Pinoy World War 2 vets continue immigration fight
LOS ANGELES - As the Philippines celebrated its annual day of bravery, the Filipino community celebrated it with a movie: the award-winning documentary “Forgotten Soldiers” narrated by Fil-Am Hollywood star Lou Diamond Philips.
The movie is based on the role of Philippine Scouts during World War II and many of the actors are descendants of veterans.
“My respect for them just grows for them ten times more because of knowing these things that they went through,” said Gil Mislang, Philippine Scouts Heritage Society.
While the community enjoyed and supported the film, there were no actual Filipino World War II veterans present. Their advocates say while their old age restricts their mobility, their emotions may not be able to handle it.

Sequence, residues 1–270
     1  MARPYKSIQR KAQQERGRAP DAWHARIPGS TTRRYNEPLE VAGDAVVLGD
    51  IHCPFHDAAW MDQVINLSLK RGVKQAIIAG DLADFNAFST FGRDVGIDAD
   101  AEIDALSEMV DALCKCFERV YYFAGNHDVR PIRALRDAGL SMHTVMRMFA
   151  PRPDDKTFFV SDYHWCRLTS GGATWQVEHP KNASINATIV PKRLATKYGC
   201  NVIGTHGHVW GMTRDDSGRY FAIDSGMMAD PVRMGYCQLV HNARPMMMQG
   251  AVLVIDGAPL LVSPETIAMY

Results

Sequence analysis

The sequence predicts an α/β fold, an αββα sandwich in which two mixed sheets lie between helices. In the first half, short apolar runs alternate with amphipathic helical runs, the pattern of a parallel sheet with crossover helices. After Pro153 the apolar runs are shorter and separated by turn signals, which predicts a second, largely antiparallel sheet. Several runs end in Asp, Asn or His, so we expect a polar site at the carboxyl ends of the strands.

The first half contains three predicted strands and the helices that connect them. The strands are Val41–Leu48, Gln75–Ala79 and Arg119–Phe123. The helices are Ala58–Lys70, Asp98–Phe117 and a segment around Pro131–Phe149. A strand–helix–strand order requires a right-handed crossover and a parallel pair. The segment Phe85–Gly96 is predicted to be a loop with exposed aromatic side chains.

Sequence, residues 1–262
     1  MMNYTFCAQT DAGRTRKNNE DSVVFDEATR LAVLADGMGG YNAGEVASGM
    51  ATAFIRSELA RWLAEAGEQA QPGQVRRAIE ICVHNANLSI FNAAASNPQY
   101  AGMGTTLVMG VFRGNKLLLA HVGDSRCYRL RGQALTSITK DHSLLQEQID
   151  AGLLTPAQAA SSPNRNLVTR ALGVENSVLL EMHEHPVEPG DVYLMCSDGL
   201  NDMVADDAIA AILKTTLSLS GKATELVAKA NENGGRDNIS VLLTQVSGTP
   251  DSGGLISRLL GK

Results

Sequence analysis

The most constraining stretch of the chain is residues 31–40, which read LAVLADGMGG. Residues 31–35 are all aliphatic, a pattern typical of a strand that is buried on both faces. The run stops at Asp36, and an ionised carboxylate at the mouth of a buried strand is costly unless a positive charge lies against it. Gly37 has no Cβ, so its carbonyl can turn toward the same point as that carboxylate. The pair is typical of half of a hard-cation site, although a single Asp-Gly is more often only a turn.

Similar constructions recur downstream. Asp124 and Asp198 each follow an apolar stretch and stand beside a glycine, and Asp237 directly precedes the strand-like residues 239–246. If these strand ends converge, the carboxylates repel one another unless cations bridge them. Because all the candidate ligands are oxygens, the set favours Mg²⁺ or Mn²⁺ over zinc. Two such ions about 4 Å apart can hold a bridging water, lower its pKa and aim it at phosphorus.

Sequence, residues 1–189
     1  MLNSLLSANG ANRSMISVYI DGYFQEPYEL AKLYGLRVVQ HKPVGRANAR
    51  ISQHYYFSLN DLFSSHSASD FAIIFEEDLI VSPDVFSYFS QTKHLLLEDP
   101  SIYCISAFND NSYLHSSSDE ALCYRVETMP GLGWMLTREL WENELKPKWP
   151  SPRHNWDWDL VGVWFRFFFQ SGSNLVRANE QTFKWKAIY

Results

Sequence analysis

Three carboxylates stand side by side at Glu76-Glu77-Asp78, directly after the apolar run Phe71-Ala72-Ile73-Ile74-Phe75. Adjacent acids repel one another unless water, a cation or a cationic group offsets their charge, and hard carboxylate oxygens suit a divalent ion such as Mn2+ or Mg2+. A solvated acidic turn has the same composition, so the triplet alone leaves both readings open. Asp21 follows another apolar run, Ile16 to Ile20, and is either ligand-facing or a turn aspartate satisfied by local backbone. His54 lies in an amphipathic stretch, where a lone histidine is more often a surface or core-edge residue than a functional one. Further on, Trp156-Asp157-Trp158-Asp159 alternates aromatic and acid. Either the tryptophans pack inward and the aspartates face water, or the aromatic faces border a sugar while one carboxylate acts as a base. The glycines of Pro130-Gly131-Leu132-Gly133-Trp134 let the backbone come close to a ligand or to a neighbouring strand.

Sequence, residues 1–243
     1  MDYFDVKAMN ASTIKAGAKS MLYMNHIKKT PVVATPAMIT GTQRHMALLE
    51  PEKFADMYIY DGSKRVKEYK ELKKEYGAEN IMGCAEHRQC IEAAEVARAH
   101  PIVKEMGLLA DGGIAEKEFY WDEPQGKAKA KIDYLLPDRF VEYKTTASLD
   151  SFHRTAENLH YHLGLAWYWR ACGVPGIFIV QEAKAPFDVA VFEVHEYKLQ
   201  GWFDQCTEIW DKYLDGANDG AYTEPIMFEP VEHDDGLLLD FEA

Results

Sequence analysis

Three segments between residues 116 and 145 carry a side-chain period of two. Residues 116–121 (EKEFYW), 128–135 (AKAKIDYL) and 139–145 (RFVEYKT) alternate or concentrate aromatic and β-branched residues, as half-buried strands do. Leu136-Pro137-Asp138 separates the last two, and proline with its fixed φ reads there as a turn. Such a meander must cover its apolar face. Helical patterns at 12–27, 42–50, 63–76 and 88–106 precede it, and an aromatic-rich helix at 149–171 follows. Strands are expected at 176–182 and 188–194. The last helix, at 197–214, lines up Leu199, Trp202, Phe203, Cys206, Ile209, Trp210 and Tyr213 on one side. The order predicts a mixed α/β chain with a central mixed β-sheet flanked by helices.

“Most of the veterans lived through the experience a long time ago. They don't talk about their struggles and their pain, and that is also painful for them to see this movie [at the] same time they're still fighting for their equity they deserved a long time ago so there's a pain in that story,” said Susan Dilkes of the Filipino American Service Group, Inc.
Filipino World War 2 veterans, who waited over 20 years for their children to join them in the US, are fighting for the Veterans Family Reunification Act.
The provision is expected to be included in the immigration overhaul.
“Everybody is really working on it to push immigration. So we are part of a coalition to push the immigration bill. So it is good,” said Dilkes.
The immigration reform bill is expected to be introduced as early as this week. A similar provision was also included in the 2007 reform bill which failed to pass.